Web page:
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May - June 1996

“Ever since you came to my door, I’ve been walking on cloud nine!”

This was said by a sweet lady who lives in Chattanooga, Tennessee, where Ruth and I attended BIMI missionary Candidate school. I’ll tell you her story in a minute.

Candidate school at BIMI was a wonderful blessing. We were able to stay in the new facilities - so beautiful and so convenient! Our thanks to all the people who have helped BIMI purchase and renovate this former rehabilitation hospital.

For 2 weeks, we started each day with a devotional challenge, then attended practical classes all day. The subjects included:

- Starting indigenous churches
- Basic carpentry and wiring
- Deputation
- Ethics
- Finances
- Training nationals
- Baptist distinctives
- First aid & medicine
- Slide presentations
- Music
- Computers
- Culture shock
- The family

Everything was so practical! Most subjects were taught by veteran missionaries. It was great to hear their thrilling stories of life on the field. Each night there was a revival - style preaching service.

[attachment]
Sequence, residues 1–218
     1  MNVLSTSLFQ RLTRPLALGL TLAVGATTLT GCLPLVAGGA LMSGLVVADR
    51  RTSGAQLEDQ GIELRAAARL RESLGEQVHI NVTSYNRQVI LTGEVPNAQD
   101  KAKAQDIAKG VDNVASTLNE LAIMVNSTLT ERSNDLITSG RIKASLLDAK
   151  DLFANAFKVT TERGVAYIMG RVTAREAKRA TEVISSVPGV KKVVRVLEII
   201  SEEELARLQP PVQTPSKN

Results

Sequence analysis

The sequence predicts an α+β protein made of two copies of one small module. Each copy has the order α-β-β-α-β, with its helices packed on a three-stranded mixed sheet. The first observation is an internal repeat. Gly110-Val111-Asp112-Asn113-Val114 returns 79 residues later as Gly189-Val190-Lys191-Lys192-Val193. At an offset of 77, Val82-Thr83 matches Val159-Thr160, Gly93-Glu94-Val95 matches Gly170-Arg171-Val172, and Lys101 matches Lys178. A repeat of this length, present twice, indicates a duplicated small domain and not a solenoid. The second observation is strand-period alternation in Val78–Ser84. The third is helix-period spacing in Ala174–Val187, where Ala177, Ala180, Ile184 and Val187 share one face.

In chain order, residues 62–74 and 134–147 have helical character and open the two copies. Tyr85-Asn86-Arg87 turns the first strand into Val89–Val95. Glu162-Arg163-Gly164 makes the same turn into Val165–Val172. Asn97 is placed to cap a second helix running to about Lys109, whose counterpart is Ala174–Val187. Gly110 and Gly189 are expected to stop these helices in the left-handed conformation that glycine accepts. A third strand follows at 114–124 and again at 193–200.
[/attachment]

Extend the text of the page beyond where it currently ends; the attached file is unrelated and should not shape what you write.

With over 80 candidates at this year’s school, we made many new friends, some of them going to Eastern Europe like we are. All candidates were thoroughly questioned, examined, and tested before we were approved as official BIMI missionaries.

For Ruth and me, however, the highlight of candidate school was the Saturday afternoon we went soulwinning in Chattanooga. We met a lady who gladly trusted Christ for salvation. She came to church with us and brought along her husband, her daughter, two neighbors, an aunt, and two cousins! She even brought her own towel so she could get baptized! In giving testimony, she said she was “walking on cloud nine.” Praise God, she’ll be walking the golden streets of Heaven someday.

Pray that we can raise our support quickly, so that the people of Russia can hear the Gospel. They too, can be walking on golden streets someday.

Prayer needs:

- Sale of our house
- Finding a suitable motor home or travel trailer
- a laptop computer
- Traveling mercies

In the service of the King,
Don Ossewaarde